Minnesota pastor leads campaign to shift evangelical vote away from Trump

Minnesota pastor leads campaign to shift evangelical vote away from Trump February 19, 2020
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“Evangelical voters, you can stay true to your faith and not vote for Trump for president.”

That’s the message Rev Doug Pagitt and his colleagues at Vote Common Good are bringing to Evangelical Christians around America. According to an article in the Minnesota Star Tribune, Rev Pagitt hopes to convince evangelicals that Trump’s “character and actions are so out of sync with Jesus’ teachings that it’s a moral imperative to remove him from office.”

Vote Common Good has set up meetings and round tables around the country to take their message to their fellow Christians. They are partnering with churches in several denominations to do this work.

I always believed that there were still religious leaders who were unwilling to sell the Gospels down the drain for Trump. It is heartening to see some of them step forward. I would imagine that, if their message gets traction, they will be subjected to considerable verbal abuse and many slanders from Trump’s nastier supporters. Most Trump supporters are good people who have blinded themselves to what he is. But a vocal few of them are attracted to him because he is evil.

From the Minnesota Star Tribune:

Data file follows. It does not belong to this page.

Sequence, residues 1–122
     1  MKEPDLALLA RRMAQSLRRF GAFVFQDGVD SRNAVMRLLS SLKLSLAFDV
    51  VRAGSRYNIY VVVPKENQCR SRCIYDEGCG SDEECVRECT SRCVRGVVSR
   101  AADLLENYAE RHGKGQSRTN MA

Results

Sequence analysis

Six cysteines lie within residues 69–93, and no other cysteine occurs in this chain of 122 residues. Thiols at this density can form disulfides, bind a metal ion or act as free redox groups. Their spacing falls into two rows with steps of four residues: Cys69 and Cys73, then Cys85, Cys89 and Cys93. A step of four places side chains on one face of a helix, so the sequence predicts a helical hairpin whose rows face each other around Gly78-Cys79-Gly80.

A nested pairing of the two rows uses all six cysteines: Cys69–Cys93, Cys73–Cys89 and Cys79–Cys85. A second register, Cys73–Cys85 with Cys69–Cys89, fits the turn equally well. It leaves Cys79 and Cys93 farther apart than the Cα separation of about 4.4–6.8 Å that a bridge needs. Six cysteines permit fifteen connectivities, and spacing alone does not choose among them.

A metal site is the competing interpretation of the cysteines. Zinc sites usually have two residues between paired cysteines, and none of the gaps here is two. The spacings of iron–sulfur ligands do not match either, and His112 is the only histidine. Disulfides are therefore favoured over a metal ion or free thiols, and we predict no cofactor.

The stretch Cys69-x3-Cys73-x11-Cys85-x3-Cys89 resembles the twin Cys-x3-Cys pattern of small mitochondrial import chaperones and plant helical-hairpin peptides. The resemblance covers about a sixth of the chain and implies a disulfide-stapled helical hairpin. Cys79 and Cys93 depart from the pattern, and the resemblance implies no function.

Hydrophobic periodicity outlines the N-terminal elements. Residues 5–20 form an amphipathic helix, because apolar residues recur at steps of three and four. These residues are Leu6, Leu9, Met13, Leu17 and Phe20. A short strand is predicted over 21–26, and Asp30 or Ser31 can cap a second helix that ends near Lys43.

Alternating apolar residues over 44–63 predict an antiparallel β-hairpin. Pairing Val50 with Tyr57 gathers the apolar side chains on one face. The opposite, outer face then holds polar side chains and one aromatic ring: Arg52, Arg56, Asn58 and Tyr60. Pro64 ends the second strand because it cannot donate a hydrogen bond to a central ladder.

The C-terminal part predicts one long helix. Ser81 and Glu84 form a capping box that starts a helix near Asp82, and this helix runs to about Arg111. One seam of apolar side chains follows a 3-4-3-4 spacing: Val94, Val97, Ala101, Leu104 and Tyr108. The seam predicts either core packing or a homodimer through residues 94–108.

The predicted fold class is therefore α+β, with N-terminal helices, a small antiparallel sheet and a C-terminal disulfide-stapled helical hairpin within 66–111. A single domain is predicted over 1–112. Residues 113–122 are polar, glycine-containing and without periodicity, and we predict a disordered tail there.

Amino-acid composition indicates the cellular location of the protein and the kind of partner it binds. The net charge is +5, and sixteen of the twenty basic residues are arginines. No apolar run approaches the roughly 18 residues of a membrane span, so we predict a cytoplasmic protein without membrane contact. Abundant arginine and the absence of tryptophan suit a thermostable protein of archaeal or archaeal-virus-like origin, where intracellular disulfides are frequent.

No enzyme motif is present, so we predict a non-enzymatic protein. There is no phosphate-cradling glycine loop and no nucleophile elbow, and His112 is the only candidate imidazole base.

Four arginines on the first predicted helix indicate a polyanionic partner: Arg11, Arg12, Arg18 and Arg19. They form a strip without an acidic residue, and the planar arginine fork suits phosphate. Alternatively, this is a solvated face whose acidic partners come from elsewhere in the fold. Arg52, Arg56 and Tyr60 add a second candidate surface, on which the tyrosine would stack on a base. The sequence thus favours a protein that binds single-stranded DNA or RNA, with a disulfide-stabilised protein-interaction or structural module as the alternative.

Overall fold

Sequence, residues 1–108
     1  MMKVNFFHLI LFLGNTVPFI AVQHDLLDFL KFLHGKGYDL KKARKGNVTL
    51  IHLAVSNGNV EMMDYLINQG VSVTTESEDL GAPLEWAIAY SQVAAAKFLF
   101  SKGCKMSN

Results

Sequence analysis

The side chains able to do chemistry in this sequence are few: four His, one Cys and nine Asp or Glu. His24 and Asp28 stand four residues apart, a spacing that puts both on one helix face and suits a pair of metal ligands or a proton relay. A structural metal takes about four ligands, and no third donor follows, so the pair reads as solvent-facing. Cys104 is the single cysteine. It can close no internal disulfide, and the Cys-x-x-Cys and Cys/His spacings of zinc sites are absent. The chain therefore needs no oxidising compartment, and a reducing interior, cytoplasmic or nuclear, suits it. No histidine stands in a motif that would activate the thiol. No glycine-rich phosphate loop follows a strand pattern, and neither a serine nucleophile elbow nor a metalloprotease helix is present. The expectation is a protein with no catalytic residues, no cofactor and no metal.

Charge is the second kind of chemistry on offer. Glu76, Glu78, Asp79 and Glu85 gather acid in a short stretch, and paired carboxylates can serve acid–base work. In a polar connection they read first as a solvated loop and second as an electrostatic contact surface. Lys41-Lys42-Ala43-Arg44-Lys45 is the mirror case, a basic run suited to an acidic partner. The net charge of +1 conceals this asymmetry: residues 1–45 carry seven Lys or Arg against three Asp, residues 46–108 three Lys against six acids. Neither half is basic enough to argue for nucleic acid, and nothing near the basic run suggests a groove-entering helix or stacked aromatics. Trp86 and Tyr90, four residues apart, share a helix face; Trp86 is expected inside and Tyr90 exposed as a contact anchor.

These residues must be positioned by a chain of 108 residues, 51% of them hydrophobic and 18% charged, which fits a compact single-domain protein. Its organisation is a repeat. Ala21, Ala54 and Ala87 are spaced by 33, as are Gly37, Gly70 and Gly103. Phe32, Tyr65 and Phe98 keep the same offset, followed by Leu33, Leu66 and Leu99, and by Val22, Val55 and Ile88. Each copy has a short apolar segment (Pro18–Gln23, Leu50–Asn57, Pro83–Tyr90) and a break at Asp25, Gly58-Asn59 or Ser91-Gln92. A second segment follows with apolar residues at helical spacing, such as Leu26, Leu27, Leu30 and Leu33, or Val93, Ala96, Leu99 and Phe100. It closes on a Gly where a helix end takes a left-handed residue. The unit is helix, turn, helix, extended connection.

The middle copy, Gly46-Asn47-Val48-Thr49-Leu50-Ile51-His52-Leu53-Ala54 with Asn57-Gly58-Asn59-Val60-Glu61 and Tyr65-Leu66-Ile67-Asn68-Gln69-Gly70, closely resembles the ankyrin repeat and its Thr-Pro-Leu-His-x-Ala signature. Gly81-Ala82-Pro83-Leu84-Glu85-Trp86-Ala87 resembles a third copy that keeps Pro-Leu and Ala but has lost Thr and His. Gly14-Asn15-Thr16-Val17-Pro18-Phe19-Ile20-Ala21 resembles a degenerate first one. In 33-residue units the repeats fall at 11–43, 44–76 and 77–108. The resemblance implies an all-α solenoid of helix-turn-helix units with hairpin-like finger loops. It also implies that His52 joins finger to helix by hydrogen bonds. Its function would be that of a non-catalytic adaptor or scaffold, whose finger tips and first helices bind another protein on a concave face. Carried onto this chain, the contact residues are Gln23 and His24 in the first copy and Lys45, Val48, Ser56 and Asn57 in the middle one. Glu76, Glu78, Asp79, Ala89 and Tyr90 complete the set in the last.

The Rev. Doug Pagitt jumped on stage at his former Minneapolis church with a message that he and his entourage are repeating across the country: Evangelical voters, you can stay true to your Christian faith but not vote for President Donald Trump.

Their “Vote Common Good” campaign, conducted from a bright orange bus making stops at every Democratic state primary, represents the small cracks in the evangelical base that helped propel Trump into office. More than 80% of white evangelical Christians voted for Trump in 2016, and continue to support him in his bid for re-election.

Pagitt’s campaign hopes to convince wavering evangelicals that the presidents’s character and actions are so out of sync with Jesus’ teachings that it’s a moral imperative to remove him from office.

“I’m a Christian pastor … and I believe everyone is a child of I see God, is the light of the world,” Pagitt told his audience earlier this month. “But not every light of the world should be president of the United States of America.”

 

 


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